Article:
Recess


By: Melissa Santiago

 Week 1 in schools: check.  I’m officially in love with Weinland Park Elementary and its entire student body.  From the clingy kindergarteners to the attitude-infused fifth graders, every day I walk through the halls I become more attached. My absolute favorite part of each day though is clearly recess. You might think it’s because I get a break from the frustrations of tutoring or because it’s just plain fun, but there’s a lot more to it than that.

BOOP. That’s the sound of the recess bell in case you were wondering.   If you didn’t recognize it, that’s probably because you’re about my age or older and when you were in school the bell was an actual bell that rang and not an electronic beeping noise over an intercom…but anyway, I digress. This week I went to recess 19 times (yes, 19 times) and these are some of my observations.

Recess is a time for crying…because you got stung by a bee, because your best friend was talking about you behind your back, because you fell off the monkey bars, or because you have to sit on the wall and watch everybody else play in recess since you didn’t turn in your math homework…again.

Recess is for bending rules…because how can you say no to a first grader who’s begging you to throw them the ball but doesn’t have a corner in four square?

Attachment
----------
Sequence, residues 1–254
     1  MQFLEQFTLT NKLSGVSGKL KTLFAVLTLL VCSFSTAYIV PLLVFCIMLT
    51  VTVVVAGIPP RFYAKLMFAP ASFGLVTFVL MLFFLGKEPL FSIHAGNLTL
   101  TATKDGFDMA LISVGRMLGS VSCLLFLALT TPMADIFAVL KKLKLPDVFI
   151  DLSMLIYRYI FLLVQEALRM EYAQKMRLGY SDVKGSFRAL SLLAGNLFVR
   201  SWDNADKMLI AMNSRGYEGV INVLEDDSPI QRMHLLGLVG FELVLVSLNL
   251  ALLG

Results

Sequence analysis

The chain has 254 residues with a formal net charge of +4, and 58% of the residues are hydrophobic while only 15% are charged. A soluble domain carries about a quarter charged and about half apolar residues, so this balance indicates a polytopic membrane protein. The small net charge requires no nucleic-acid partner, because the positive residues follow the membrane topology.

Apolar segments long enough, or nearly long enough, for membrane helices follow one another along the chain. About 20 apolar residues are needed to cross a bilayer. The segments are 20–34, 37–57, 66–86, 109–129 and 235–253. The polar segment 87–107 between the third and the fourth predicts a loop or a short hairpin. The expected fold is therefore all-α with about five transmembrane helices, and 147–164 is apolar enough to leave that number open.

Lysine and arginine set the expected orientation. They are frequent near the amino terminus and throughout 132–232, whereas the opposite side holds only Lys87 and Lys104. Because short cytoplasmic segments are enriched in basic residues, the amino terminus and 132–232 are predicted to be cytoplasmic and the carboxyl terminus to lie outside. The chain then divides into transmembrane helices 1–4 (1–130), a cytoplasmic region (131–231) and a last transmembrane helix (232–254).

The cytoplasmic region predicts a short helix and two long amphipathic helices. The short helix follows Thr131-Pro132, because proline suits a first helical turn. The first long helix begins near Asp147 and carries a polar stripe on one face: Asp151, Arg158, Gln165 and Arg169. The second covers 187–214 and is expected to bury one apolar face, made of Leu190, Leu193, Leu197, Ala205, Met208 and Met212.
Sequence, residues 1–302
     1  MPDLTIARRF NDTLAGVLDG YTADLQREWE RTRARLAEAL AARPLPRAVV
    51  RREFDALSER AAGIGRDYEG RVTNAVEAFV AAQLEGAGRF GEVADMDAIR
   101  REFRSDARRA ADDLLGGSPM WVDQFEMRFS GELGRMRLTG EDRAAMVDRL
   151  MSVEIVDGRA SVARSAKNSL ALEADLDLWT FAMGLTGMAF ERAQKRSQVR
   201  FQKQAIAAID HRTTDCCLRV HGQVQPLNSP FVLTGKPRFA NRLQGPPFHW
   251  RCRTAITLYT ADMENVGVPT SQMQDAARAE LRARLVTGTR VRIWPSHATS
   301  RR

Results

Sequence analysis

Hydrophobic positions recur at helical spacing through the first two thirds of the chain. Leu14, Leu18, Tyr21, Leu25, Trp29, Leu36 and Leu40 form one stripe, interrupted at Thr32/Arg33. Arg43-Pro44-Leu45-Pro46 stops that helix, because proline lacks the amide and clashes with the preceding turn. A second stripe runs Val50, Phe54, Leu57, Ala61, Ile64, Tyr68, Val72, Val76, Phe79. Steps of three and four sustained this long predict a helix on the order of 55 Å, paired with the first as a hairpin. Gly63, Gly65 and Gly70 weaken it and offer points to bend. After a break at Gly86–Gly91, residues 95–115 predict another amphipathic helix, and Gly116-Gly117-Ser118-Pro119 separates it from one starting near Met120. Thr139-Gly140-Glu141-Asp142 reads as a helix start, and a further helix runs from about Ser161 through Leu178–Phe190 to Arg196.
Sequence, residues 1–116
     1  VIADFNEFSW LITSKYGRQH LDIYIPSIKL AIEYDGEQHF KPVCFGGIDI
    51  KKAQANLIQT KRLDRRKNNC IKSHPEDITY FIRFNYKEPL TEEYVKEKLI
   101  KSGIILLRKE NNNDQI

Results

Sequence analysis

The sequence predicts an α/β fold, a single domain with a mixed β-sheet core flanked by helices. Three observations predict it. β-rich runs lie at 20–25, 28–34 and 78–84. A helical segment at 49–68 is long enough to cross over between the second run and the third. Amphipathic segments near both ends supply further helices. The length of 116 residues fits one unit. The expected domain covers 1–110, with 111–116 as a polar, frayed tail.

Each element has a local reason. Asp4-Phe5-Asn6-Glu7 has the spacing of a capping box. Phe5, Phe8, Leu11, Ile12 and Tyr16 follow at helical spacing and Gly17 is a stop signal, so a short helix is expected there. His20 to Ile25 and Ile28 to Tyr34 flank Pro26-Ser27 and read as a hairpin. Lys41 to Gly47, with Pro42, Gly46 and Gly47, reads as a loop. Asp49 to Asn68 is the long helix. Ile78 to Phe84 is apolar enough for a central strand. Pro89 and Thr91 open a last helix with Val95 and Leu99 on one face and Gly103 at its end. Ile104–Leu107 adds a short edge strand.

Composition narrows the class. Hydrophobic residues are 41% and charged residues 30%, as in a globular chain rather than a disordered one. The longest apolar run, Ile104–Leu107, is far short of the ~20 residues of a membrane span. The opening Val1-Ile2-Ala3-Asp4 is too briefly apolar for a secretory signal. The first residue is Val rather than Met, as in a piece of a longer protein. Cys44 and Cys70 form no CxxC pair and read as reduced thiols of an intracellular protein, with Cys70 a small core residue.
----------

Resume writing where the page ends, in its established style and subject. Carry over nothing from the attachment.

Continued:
Recess is for laughing…because Miss Patrice leads “get loose”, a famous City Year icebreaker, to save a City Year from a tickle attack, because you’re the victim of that tickle attack, or because you’re the one doing the tickling…

Looking at the basketball courts will tell you that it’s the boys’ territory, unless you reveal to them you went to college with Michael Jordan (and conveniently left out the 30 year time gap).

The monkey bars are for literally and figuratively being lifted up by friends. And for hanging upside down by tiny legs and having conversations, defying some gravitational laws and never falling down.  Lets not forget making new friends, especially ones who speak your first language, and especially when less than a handful of other students in the entire school speak that language or share your culture.

Recess’s grassy field is for doing backflips or arguing with 6 year olds over whether or not girls should be allowed to play in the NFL.  It’s for using kickball to unite the entire class of fifth graders who were calling each other names one minute and cheering for each other the next.  It is also for seeing a different side of people- the student who led a revolt against the substitute teacher in reading this morning now leads his classmates in a strategic kickball play.

As soon as recess starts I have at least 10 little arms pulling me in different directions, several different voices vying for my attention on all parts of the playground.  I’ve realized that no matter how much I complain to my team about how exhausting it is to do recess thrice in a day, I wouldn’t have it any other way.  19 recesses has shown me that my impact on the students outside of the classroom is just as important as how I impact them inside the classroom.   What happens at recess doesn’t stay at recess, but reveals more about a kid than an entire day in the classroom with him or her.  I can honestly say I’m looking forward to the hundreds more recess bells I’ll hear this year and getting to know every student through the events that follow each bell.

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